Sample collection is accomplished by removing the lid from the sampling device and swiping the sterile absorbent collection means integrated therein along a surface from which a sample is desired. Sample collection may be accomplished using the sterile absorbent collection means in a wet or dry state. If a wet, sterile absorbent collection means is employed, a buffer is used to wet the absorbent collection means prior to sample collection. The buffer may be provided in the self-contained sampling device itself or may be added to the sampling device or absorbent collection means just prior to deployment or sampling so as to pre-wet the absorbent collection means prior to sample collection. The lid of the sampling device may, for example, screw onto the base to seal the buffer and wetted absorbent collection means until needed for sample collection. Collection of a sample may also be accomplished using a dry absorbent collection means in which case no buffer is added to the sampling device or absorbent collection means prior to sample collection. As an alternative to the above, buffer may be poured directly onto the surface from which a sample is desired and the absorbent collection means then swiped across the surface.
In any case, once the test surface is swiped with the absorbent collection means as described above, the lid containing the absorbent collection means and the sample thereon is returned to the base and securely positioned/fastened thereon. The collected sample may then be safely transported in the leak-proof sampling device for testing, evaluation and archiving.
If a dry absorbent collection means is used in the collection of a sample, the dry absorbent collection means containing the sample may be later hydrated with a buffer so as to facilitate retrieval of the collected sample using the compression/scraping action described above. Delivery of the liquid sample to a sterile receptacle, i.e., a dropper bottle, for testing and archiving may be accomplished using conventional laboratory techniques, such as, using an eye-dropper or pipette.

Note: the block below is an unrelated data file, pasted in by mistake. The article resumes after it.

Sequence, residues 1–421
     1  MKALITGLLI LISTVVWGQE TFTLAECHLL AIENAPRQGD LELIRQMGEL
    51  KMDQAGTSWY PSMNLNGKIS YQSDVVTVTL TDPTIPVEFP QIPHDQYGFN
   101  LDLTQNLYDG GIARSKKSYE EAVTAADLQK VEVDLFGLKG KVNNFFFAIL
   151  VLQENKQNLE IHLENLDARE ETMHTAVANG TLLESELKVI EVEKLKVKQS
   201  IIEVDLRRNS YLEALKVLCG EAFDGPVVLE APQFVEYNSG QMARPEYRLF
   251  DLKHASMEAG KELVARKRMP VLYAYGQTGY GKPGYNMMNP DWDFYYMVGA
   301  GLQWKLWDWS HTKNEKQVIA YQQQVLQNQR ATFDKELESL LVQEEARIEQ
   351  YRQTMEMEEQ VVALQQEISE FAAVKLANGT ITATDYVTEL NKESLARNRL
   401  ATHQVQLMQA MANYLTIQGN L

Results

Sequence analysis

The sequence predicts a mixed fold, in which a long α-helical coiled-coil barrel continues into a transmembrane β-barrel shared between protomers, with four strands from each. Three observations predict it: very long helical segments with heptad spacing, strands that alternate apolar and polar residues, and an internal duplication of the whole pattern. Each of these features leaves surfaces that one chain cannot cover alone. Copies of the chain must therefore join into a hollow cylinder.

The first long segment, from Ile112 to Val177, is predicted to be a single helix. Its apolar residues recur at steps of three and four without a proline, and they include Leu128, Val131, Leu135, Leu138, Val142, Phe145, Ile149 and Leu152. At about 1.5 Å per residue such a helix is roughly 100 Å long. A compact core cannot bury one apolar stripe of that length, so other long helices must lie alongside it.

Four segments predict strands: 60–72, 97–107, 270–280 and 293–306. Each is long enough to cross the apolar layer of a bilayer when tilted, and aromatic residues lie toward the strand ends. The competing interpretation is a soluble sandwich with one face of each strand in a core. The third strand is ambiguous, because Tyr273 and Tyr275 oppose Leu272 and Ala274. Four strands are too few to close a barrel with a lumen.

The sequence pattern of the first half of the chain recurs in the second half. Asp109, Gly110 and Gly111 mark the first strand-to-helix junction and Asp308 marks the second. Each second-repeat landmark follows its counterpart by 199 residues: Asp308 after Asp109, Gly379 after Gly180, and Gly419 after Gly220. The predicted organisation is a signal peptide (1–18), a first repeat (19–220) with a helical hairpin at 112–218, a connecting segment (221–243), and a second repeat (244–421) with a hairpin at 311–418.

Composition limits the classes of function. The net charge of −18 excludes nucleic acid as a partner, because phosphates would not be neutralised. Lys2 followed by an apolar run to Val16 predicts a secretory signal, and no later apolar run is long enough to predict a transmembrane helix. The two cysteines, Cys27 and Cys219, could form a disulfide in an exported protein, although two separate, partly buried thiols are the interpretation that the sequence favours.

The base of the sampling device may optionally be designed so as to (1) contain a tool to facilitate the transfer of a collected sample from it to a separate receptacle, such as a sterile vial, or (2) provide a means to have a sterile, sample capture vial removably attached to its lower outer surface so that the collected sample would flow directly into the capture vial. The tool to facilitate the transfer of a collected sample may be in the form, for example, of a spigot or spout or a screw-on dropper attachment. The preferred embodiment of the invention employs a sterile capture vial that is removably attached to the base. The presence of this feature avoids the step of having to transfer or dispense a collected sample from the base into a separate sterile receptacle for analysis. Moreover, if the preferred embodiment is used, the capture vial containing a collected sample could be detached from the sampling device once sampling is completed, then sealed and transported.